Rules for Paper Writing

A variety of problems come up over and over again on student papers, so I thought it would be worthwhile to identify them and provide some rules to help you avoid them in your papers for this course. I will start with general problems and then discuss more specific grammatical problems.

1. A final draft handed in for a grade cannot also be a first draft. Students cannot hope to get a good grade on a paper that is their first effort on the topic. Excellent papers are papers that have been written, re-written, and written again. In my courses, it is a rare student who can dash off a paper the night before it is due and get a good grade on it.

2. You should prepare an outline of your paper prior to writing it. All good writers do this. It helps chart where you are going, makes you stick to your theme, and keeps your thoughts organized. Related to this is the importance of having a good introductory paragraph. Your introduction should identify the work you are discussing, its year of publication (or approximate year(s) of creation for ancient works) and the author’s full name. It should tell us in a sentence or two what the general topic of the source is. Finally, it should tell me what you intend to accomplish in the paper. This not only helps the reader, but keeps you on track as well. When the paper is finished, you should re-read your introductory paragraph. Did you do what you said you would do? If not, revise the paper and/or your introduction. Under no circumstances should your introduction contain a synopsis of the plot or contents of the work. Nor should it contain highly specific information about the source. Typically your second paragraph will be the place for your synopsis or summary of the work.


3. You should write in the simplest sentences possible. Many students write in a complex, elliptical style. Some students believe that formal scholarly writing must use long words and even longer sentences. Some students never use one word when three will do. Such writing will often cloud meaning and raises the question of whether you, the author, even know what it is you are trying to say. Again, an added benefit of writing simply is that it will quickly become clear to you whether or not you know what you are writing about.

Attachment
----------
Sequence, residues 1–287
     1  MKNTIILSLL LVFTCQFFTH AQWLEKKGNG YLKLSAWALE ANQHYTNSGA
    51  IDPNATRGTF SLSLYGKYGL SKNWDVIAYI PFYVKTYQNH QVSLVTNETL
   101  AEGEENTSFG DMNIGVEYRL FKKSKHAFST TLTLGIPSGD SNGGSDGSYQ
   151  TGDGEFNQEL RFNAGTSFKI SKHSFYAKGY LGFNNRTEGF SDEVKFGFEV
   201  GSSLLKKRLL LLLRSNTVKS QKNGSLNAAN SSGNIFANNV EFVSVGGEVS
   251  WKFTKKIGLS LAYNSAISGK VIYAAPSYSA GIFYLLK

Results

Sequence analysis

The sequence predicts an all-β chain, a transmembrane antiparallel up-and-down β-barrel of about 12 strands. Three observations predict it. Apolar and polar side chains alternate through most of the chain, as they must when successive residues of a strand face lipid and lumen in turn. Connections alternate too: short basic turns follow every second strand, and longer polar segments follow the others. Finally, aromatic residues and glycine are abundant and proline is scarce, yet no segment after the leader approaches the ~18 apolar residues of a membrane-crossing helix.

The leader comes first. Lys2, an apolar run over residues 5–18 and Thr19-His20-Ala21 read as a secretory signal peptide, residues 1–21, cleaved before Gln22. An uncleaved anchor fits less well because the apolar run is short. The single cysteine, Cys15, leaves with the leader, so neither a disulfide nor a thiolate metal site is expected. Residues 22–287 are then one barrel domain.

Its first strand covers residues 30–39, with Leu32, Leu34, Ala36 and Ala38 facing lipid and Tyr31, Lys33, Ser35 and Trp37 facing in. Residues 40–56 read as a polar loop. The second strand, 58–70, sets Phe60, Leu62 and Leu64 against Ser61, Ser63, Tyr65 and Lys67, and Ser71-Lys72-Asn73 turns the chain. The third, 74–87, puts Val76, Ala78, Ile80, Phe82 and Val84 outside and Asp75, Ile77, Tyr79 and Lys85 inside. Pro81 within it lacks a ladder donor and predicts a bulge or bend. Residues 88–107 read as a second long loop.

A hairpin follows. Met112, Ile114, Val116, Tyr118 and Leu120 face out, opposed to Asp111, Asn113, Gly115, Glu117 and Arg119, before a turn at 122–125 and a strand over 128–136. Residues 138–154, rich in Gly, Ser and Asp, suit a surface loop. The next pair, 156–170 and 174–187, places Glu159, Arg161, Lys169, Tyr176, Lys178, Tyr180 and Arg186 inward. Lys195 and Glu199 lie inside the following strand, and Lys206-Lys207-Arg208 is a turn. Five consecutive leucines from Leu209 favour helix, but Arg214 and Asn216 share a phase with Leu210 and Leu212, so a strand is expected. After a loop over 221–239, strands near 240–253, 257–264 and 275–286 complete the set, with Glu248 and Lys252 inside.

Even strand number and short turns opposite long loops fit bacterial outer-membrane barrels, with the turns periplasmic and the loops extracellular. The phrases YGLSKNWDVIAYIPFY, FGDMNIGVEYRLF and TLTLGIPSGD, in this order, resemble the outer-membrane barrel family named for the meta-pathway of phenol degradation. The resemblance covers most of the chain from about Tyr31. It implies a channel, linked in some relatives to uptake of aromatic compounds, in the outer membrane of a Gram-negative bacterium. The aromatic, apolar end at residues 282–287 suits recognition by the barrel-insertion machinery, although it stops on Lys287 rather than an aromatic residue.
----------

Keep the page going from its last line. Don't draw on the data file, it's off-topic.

4. Never write one-sentence paragraphs. By definition, a paragraph has at least two sentences in it. Every paragraph should have an introductory sentence supported by those sentences that follow it.

5. Quotations are used when the words themselves can convey a mood or a sense that mere description cannot. Quotations should be used sparingly and never merely to fill up the page. Nor should you ever use quotations as a form of citation. A four-page paper containing two pages of quoted speech fools no one. Short quotations are indicated by the use of quotation marks at both the beginning and end of the phrase in question. Quotations of fifty or more words should be single spaced and set off from the text by indenting one half inch on the left hand margin only or, alternatively, indenting one half inch from both the left and right margins. When a block quotation is used, do not add quotation marks. Do not use a different size font. Do not italicize quotations.

Avoid irrelevant detail. Sometimes student papers go off on tangents that have little to do with the question or your response to it. Information for information’s sake is not appropriate. This is especially true where I have read the work too. Sometimes irrelevant material is also a sign that your paper lacks focus and that you yourself are not sure what is relevant and what is not.